We had to drive quite a ways, including a bit on the freeway. The truck ran perfectly, the baby fell asleep on the way, but I still had white knuckles on my hands, clenched to the steering wheel. My stomach had that familiar knot. I kept imagining a tire blowing out, an oncoming truck pulling a camper losing control, or me drifting, catching an edge, and flipping us into a ditch. Breaking down on the side of the road was no longer simply waiting with Mia until someone showed up to help. I had a baby. And a dog who’d most-likely be so traumatized it’d set us back months in training.

This fear had ruled my life for months and I hadn’t realized it.

When we got to the spot by the lake, there was a couple there with a dog off-leash. I kept going, down the dirt road that circled to the other side. Or, that’s what I assumed.

We were on that dirt road for at least an hour, making our way around to the main road again. I loved it. I doubt my phone had reception. The dog threw up twice. There were bumps and puddles and we saw two badgers by their den. Coraline woke up and chatted her happy baby noises while I drove through back woods with a general idea of where we were.

I’d forgotten how much I’d loved this. This throwing everyone in the car and finding some back road that lead to a spot only we knew about. It used to be my specialty.

Our truck came full circle, and we ended up back at our spot again. Mia found a sunny spot a little further down a path with a rocky, secluded beach. I sat on a blanket with a content baby in my lap in the sun, dare I say totally relaxed. Bodhi was tied to a tree and jumped after rocks and sticks. Mia swam completely under the water, looking for special rocks. She gathered at least fifty. The four of us huddled together when the wind picked up a bit and the girls ate their snacks.

DSCN1930“I know I’ll remember this,” Mia said.

“Oh yeah?” I said. “Because of the badgers?”

“Yeah,” she said. “I remember weird things, like you licking a napkin and wiping my face before preschool one day. I’ll remember us sitting here on this blanket.”

I put my arm around her, pulled her in a little tighter, and said, “I will too, kiddo.”

step.

That and the Irony

On Productivity with Nursing Toddlers

I just watched Mia drive off to go camping with a friend. They’re meeting up with other friends of mine, going to a drive-in, and heading to some hot springs tomorrow. I didn’t go for several reasons:

  1. It’s like 100 degrees outside and I’m from Alaska.
  2. Coraline being outside means I watch her constantly because she likes to eat rocks and whatever else she can find that’s just the right size to induce choking.
  3. I need to work. (I know, I know.)
  4. The shelter dog that is a tad more work than the baby would hate it.
  5. I haven’t slept well in a few nights, so why pay for or do any of these things when I will most-likely just want to sleep or will sleep and then who wants to sleep anywhere but their bed?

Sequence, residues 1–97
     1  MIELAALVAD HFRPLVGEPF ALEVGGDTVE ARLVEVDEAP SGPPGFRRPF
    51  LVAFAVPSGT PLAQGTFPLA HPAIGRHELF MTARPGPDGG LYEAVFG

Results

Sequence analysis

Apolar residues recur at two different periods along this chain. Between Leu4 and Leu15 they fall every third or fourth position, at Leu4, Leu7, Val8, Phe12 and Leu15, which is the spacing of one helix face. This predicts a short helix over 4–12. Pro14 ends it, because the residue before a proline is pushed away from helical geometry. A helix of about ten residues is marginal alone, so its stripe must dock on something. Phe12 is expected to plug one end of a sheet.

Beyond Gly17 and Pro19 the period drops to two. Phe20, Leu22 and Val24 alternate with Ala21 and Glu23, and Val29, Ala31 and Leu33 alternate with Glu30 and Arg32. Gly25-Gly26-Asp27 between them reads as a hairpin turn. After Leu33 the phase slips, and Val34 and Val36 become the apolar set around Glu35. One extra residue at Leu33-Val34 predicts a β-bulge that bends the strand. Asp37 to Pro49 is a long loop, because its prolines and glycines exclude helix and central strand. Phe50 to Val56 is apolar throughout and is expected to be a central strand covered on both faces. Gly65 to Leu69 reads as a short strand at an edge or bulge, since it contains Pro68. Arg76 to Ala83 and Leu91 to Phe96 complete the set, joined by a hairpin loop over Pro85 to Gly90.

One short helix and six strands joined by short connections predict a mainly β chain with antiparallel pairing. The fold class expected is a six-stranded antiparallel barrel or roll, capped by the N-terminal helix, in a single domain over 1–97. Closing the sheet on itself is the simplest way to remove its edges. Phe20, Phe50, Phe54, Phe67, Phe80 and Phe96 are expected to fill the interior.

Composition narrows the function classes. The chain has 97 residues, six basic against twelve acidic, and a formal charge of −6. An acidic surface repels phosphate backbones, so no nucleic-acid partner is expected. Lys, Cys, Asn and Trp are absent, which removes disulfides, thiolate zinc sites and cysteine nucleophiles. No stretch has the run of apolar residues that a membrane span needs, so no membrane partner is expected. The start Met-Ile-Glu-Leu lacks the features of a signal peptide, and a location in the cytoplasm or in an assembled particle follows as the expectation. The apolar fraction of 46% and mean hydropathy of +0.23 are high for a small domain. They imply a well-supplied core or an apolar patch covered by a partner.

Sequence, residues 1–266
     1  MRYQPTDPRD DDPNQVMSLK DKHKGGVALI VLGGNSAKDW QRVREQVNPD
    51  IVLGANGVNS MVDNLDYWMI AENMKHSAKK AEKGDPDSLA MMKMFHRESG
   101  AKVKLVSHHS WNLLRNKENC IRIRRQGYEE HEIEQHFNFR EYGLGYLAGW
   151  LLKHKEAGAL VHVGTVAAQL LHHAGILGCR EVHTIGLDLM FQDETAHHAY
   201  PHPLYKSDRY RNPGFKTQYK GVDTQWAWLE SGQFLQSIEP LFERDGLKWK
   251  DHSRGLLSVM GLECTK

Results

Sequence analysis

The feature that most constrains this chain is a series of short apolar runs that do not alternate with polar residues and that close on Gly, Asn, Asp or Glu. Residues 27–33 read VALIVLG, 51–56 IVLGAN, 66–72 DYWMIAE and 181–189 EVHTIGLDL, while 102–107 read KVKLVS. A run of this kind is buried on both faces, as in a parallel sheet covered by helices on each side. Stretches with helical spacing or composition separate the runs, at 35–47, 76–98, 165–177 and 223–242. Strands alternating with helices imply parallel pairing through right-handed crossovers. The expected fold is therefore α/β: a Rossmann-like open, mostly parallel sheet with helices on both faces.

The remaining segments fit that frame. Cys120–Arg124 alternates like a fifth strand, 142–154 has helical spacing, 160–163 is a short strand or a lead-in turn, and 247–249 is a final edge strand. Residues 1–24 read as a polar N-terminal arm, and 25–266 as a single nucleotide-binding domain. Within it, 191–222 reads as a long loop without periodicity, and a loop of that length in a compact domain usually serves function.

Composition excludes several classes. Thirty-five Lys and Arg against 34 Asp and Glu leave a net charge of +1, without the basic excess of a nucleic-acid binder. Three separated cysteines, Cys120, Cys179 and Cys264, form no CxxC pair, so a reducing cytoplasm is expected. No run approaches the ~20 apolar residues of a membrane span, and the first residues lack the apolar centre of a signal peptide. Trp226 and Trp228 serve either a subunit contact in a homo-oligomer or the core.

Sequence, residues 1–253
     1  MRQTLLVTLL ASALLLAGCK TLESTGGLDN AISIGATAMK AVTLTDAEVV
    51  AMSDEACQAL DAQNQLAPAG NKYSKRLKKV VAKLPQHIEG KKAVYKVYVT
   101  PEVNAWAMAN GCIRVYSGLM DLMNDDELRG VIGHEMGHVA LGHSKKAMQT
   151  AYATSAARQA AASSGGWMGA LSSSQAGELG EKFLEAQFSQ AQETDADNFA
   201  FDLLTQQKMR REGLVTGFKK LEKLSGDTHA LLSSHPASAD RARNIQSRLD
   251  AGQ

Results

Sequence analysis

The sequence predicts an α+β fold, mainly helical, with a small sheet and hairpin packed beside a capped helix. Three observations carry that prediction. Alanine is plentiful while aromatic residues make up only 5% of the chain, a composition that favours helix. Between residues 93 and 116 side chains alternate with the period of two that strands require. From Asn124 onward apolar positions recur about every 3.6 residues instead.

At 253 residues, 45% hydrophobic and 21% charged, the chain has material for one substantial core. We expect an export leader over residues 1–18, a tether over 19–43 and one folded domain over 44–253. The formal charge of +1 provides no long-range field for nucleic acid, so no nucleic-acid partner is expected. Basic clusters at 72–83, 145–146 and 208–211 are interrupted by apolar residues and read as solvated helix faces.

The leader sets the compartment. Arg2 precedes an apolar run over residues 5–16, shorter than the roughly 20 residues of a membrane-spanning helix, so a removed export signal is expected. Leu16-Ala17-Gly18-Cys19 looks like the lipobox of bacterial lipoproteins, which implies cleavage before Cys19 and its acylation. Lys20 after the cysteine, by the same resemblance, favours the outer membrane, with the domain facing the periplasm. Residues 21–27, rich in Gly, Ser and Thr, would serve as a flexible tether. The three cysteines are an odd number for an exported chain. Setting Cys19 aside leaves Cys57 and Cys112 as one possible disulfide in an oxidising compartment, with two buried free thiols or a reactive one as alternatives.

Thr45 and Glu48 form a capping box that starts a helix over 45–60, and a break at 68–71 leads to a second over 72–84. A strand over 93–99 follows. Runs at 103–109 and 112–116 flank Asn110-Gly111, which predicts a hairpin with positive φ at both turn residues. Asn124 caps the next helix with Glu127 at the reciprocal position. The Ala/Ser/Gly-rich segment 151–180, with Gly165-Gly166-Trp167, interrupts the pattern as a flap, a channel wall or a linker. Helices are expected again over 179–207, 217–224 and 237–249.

Snapshot_20150801But now I’m sitting here, typing this out one-handed because Cora’s doing that nursing thing where she’s almost asleep but if I move she’ll be wide awake with the renewed energy of a thousand naps. I tend to sit at my desk a lot, trying to write out things, read things, look for places who might want to pay me for written things, and learning on how to cope with this freelancing career I’ve chosen to entangle myself in.

Sometimes I end up on Craigslist.

I’m not sure why I’m addicted to looking through the pet section. I think it’s the drama. I find it fascinating how worked up people get over someone trying to find a new home for their pet when they are obviously sad because they can’t care for them properly. Or god forbid you breed your purebred dog purposefully and disguise selling it with asking for a rehoming fee. You will get called out on that shit.

I wish for honesty in Craigslist ads. Don’t say, “Sometimes she maybe kills chickens.” Say “This dog has a lust for feathered friends’ blood like none other. She’d kill the first robin of the spring.”

Then, you find ones that are too honest, like the mother who got rid of all of her son’s belongings just days after he’d died of SIDS. Every post was more heartbreaking. She even listed those toddler teething crackers, mentioning she’d just bought them and he’d never be able to use them.

I’ve spent the whole summer, the whole last year, doing this.

I make a list of excuses or I guess reasons for why I don’t want to go out. Then I sit at home, nursing Coraline in the hopes that she’ll nap long enough for me to get some solid work done.

I forgot how hard it is, this toddler stage. Coraline’s already wearing 18mo clothes and she can swipe things off my desk with ease. She doesn’t have any solid words in her vocabulary yet, but whenever I chase after her saying, “No, nononoNONO” she smiles, and starts wagging her head from side to side, still moving to throw the remote in the toilet.

She has learned to wave, though, and it’s damn adorable.